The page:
We live in a world where we no longer have personal ties to the people who produce our food. Our production practices have changed – here in Australia, if I go to my major supermarket to buy frozen berries, the most affordable ones for sale are imported from Chile, even though there are many berry farms in Australia.

Another example is Quinoa, a type of rice exported at a rapid rate to Western Countries. However, due to the demand in Western markets, Quinoa prices are inflated, and poorer Bolivians and Peruvians cannot afford what once was their own staple.  Instead, they now eat refined grains or junk food which are cheaper to buy, meaning they have a nutritional deficiencies as a direct result of demand from global markets.

The point of these examples is to illustrate the global context that we operate under. What we do in one country can, and does, have a direct impact on another.

Is a lack of water to blame for the War in Syria?

Due to a severe drought in 2006 in Syria, many people from rural areas migrated to the city centre. According to Aaron Wolf, as quoted in the Smithsonian, the now unemployed, unoccupied farmers helped ‘trigger a revolution’ in Syria, leading to the civil war we now see.

Turkey was a major player in the drought – with the construction of dams and hydro-power in Turkey leading to a 40% water reduction in Syria since 1975. Could the war, and greatest humanitarian crisis of our times, have been avoided if they had simply been able to access the water that previously was naturally available?

Food for billions

The World Food Bank is predicting that we need to produce 50% more food than what we currently have to meet demand by 2050 – there are 7.125 billion people in the world, with 9.6 billion projected by 2050.

What is clear is that we have enough food across the world – it just isn’t where its needed. Across the world, over 1 billion are staving, and 1 billion have nutritional deficiencies due to lack of access to appropriate food.So we already have 2 billion people who do not have sufficient food security, with 2 billion more people on the way.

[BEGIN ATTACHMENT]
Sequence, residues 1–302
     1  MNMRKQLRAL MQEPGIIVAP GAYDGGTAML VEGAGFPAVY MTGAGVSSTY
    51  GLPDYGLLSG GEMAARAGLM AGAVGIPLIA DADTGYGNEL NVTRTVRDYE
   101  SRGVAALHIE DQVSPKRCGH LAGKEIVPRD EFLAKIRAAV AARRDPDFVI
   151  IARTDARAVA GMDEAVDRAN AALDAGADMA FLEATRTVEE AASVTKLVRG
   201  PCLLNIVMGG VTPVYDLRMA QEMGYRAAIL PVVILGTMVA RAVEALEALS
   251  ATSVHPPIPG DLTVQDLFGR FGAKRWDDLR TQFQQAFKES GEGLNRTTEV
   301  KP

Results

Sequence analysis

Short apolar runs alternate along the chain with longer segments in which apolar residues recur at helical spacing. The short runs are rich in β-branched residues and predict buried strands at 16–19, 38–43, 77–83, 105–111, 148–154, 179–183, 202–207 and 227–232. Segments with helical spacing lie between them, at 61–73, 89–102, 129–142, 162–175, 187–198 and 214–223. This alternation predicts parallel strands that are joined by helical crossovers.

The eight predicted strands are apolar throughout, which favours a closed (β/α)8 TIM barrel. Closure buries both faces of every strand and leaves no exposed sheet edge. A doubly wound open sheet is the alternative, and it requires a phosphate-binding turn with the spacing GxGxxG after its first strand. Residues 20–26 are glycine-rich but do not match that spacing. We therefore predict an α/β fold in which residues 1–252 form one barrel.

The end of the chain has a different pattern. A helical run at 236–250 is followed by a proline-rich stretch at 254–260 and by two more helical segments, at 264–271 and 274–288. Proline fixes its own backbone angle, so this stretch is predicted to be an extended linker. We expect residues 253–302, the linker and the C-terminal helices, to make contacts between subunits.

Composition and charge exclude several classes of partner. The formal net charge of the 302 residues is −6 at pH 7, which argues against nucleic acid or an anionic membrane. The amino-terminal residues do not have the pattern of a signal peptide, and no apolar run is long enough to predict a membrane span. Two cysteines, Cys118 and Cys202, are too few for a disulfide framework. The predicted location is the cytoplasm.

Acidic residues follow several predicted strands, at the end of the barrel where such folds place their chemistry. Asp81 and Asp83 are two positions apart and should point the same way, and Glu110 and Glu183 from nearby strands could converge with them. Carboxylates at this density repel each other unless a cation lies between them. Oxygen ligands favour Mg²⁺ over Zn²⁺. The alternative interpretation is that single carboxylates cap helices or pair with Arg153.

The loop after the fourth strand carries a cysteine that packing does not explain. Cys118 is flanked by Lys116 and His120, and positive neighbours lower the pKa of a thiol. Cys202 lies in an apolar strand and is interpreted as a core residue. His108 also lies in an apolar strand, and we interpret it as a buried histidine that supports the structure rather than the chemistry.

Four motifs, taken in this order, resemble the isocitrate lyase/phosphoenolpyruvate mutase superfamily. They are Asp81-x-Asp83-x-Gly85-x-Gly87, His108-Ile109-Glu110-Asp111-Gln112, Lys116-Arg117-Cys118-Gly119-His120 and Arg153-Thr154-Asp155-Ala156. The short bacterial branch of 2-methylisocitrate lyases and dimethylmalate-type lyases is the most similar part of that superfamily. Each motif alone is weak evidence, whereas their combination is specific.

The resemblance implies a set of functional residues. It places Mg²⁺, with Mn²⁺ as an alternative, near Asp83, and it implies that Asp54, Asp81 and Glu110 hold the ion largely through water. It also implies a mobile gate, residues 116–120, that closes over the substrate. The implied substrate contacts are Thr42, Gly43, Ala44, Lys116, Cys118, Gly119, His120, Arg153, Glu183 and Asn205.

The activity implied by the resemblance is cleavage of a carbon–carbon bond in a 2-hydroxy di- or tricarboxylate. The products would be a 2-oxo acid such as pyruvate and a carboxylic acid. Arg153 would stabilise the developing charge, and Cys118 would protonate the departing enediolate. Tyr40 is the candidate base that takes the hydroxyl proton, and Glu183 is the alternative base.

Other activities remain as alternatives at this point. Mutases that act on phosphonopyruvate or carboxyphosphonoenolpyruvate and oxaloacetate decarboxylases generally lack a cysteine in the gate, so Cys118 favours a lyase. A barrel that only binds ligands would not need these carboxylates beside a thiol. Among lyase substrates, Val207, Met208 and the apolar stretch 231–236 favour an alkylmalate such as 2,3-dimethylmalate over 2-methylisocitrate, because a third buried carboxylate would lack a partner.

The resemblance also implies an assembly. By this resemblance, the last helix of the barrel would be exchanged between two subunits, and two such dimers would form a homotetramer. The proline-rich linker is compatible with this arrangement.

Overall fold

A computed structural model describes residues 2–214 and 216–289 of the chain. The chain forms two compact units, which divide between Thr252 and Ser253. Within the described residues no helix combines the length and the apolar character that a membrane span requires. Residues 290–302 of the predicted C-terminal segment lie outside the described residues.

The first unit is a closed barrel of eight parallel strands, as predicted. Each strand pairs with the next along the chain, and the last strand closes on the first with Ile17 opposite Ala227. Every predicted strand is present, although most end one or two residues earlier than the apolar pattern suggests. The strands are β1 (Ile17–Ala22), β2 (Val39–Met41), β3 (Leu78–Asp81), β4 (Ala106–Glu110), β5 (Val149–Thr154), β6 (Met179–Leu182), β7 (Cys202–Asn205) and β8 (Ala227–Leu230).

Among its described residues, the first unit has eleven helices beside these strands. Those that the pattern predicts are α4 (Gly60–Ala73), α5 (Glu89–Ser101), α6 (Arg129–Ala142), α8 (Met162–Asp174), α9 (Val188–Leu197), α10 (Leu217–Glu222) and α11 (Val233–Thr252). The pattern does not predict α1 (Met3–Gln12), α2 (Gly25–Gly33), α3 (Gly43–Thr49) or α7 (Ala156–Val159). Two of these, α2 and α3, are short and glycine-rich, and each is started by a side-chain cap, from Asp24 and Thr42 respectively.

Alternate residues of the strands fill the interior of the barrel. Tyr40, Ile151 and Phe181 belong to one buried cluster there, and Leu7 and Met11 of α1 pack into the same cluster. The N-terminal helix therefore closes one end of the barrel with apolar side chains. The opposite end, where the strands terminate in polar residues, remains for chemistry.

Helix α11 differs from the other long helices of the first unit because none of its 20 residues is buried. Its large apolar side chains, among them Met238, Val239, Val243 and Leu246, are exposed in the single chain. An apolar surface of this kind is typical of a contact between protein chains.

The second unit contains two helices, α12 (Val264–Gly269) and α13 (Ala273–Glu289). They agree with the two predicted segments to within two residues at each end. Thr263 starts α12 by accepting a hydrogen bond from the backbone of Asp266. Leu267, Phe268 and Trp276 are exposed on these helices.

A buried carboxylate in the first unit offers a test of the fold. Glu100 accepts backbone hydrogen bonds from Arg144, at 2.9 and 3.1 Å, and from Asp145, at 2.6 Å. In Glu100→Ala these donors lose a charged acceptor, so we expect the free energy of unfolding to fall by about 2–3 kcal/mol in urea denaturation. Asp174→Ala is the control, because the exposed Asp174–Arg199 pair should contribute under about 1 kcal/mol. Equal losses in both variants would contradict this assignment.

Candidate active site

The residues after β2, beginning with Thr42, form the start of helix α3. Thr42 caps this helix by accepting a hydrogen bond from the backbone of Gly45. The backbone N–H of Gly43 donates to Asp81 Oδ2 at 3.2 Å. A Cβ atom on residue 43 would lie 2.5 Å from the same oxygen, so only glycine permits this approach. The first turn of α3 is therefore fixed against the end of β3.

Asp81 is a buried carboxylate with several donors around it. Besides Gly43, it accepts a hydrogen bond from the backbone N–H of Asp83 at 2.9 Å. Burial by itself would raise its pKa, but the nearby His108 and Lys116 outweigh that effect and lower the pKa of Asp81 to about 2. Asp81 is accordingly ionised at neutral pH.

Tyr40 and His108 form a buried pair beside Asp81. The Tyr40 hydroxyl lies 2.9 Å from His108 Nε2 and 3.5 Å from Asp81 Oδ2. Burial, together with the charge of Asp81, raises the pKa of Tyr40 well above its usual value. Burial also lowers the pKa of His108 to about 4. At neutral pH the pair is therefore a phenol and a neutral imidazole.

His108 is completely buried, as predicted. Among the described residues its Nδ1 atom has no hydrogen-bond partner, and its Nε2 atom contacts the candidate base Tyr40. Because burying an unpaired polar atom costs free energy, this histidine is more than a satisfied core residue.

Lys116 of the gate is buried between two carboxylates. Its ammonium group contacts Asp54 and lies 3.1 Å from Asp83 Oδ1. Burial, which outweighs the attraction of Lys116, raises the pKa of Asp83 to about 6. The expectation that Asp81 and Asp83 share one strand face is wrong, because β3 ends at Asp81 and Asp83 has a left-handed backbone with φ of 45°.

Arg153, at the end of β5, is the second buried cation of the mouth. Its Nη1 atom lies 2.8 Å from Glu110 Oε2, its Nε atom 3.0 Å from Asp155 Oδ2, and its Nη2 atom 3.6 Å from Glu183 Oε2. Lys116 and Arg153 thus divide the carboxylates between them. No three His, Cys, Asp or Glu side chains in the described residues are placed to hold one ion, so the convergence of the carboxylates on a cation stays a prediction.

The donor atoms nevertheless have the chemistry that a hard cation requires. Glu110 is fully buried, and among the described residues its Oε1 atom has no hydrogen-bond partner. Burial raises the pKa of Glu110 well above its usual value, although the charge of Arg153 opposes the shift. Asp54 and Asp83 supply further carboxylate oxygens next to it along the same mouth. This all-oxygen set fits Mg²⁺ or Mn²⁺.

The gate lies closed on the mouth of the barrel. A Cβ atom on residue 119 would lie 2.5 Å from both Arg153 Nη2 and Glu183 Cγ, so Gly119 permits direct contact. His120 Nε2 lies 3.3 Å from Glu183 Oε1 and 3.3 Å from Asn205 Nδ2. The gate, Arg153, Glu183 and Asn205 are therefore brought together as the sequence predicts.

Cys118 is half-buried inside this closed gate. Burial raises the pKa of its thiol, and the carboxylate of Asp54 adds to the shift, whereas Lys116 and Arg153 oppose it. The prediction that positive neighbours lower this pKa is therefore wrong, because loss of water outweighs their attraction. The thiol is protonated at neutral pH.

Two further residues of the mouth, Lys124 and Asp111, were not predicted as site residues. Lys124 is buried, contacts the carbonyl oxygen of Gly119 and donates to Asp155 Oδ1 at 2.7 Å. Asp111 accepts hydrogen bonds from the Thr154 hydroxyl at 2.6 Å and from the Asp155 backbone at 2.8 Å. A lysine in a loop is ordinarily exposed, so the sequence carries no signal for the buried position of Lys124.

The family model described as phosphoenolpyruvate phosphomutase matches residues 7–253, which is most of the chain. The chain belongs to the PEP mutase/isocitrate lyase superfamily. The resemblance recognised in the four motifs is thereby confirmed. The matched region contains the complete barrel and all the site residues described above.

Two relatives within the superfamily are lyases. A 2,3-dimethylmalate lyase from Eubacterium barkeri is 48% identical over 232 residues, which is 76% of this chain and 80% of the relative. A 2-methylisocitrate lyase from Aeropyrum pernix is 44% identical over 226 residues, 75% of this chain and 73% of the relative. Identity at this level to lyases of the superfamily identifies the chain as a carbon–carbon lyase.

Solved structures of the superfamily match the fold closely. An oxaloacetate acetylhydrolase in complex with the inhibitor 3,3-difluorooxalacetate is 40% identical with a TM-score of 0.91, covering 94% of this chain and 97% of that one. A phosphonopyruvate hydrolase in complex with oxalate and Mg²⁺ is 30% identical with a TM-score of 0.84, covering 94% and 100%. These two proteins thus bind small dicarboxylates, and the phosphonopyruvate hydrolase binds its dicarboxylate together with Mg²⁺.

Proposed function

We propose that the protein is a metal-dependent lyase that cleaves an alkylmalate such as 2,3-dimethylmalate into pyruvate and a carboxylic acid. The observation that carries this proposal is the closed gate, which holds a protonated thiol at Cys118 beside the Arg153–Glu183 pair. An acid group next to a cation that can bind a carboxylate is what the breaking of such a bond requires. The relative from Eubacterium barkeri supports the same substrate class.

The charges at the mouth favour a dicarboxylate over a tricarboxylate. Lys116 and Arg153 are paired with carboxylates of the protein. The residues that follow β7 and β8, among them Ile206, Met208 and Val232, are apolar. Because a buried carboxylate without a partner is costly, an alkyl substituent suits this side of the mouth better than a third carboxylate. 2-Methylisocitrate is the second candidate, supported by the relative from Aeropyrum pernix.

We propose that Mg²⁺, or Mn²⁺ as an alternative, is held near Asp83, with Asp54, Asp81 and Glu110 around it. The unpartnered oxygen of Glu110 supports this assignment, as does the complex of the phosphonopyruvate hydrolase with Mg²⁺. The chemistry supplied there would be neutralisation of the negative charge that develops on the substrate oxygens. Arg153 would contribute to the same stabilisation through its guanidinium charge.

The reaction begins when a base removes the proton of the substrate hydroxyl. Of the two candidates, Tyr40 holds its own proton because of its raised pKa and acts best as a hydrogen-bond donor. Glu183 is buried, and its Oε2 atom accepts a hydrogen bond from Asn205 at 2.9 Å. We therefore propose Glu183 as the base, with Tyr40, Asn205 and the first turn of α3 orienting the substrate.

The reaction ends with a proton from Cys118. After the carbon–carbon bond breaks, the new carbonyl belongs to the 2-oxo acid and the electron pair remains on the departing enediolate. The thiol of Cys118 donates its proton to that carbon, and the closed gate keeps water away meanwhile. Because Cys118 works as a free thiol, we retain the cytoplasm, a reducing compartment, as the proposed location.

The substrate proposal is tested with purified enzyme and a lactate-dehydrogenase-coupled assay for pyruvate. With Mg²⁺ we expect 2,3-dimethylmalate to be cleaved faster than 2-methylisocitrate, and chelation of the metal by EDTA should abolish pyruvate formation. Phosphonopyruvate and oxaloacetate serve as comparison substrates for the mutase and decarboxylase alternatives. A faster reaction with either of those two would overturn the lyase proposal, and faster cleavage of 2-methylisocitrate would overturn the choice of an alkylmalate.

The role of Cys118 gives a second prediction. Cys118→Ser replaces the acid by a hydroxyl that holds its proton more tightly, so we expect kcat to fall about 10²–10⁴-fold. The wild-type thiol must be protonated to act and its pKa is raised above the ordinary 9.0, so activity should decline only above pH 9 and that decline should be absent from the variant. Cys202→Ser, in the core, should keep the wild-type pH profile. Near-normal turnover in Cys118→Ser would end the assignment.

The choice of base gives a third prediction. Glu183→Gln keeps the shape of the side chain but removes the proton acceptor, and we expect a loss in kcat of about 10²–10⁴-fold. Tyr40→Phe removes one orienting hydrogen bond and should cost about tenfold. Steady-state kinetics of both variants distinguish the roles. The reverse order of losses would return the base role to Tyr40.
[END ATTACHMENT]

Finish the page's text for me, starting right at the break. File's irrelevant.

So what can we do about it?

Make your dollar count. 

Our Western dollar is powerful. Even though we are a smaller country compared to America and the United Kingdom, we do influence global markets.

You can shop local. This ensures that your own country continues to produce food, and wil be supported.

Eat your food – and don’t waste it. We waste about 20% of our food in Australia, simply due to not eating it by the due date.

You can grow your own food, or support sustainable farming practices. This can be done by doing the above three things, but you could also changed your super and investments to support good farming practices.

Finally, really question where things are coming from. Logistically it makes no sense that we import berries from overseas, when we have berry farms in Australia. Obviously there is a profit for Australian importers and exporters, however at what cost is that? Are we pricing our own suppliers out of the market, making us dependent on overseas sources for food by doing this? And are we taking supply away from people in Chile by pricing them out of their own berries? I don’t have the answer to these questions, but these are questions we need to start asking to ensure our food supply is consistent and sustainable in the future.

In summary: We have over 7 billion people in the world. We already have a food problem for 2 billion people. We have 2 more billion people expected by 2050. We have enough food for everyone – it just isn’t where its needed.

How do we feed an extra 2 billion when 2 billion do not have enough food?

One, shop locally. Two, don’t waste food. Three, grow your own food. Four, check your super and investments – make sure they reflect your own lifestyle choices.

Thanks for reading! Comments are most welcome.

Emma x

Further reading:

Why the next world war will be fought over food

 

 

 

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